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Draft of public option bill shows healthcare industry has two years to reduce premiums by 20%

Democrats who control the state legislature will try to pass an ultimatum for Colorado's health insurance companies: lower premiums or the state gets more involved.

DENVER — Colorado Politics has obtained a copy of the draft bill that could soon become the Colorado Option Health Benefit Plan, and it shows that the 2021 version is drastically different than the version presented in 2020.

Rep. Dylan Roberts, D-Eagle, and Sen. Kerry Donovan, D-Vail, will champion the bill through the General Assembly in the coming weeks.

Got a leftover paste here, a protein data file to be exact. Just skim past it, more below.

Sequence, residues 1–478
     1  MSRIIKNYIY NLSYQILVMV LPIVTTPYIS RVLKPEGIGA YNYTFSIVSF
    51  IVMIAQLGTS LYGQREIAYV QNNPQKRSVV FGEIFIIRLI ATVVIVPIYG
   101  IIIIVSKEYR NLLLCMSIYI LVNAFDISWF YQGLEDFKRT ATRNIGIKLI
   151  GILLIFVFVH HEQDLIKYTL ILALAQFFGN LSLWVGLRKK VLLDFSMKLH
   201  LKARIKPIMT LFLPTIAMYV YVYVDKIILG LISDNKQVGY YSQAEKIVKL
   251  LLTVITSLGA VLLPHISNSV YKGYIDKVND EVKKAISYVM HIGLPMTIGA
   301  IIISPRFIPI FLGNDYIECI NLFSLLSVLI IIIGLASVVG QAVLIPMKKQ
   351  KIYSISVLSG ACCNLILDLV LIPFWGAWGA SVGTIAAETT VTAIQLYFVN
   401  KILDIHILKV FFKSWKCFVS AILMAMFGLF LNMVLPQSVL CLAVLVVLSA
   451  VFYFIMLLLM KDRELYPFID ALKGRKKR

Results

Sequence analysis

The biggest difference in the bill is a provision that the healthcare industry will, at least for the next two years, be responsible for figuring out how to hit a target of a 20% reduction in health insurance premiums for the individual market, which is about 8% of those insured statewide.

It’s a minimum two-step process but with a longer timeline, Roberts told Colorado Politics. “We thought it was appropriate to push this out a bit” due to the pandemic and “the new world we live in,” he said. The sponsors also accepted a recommendation from the industry, made last year, to allow them time to achieve premium reductions on their own without government rules or mandates.

Kathryn Mulready of the Colorado Hospital Association said Tuesday that "I’ll take a market-based approach over a state-based approach any day."

> 9NEWS readers can view the full story at Colorado Politics.

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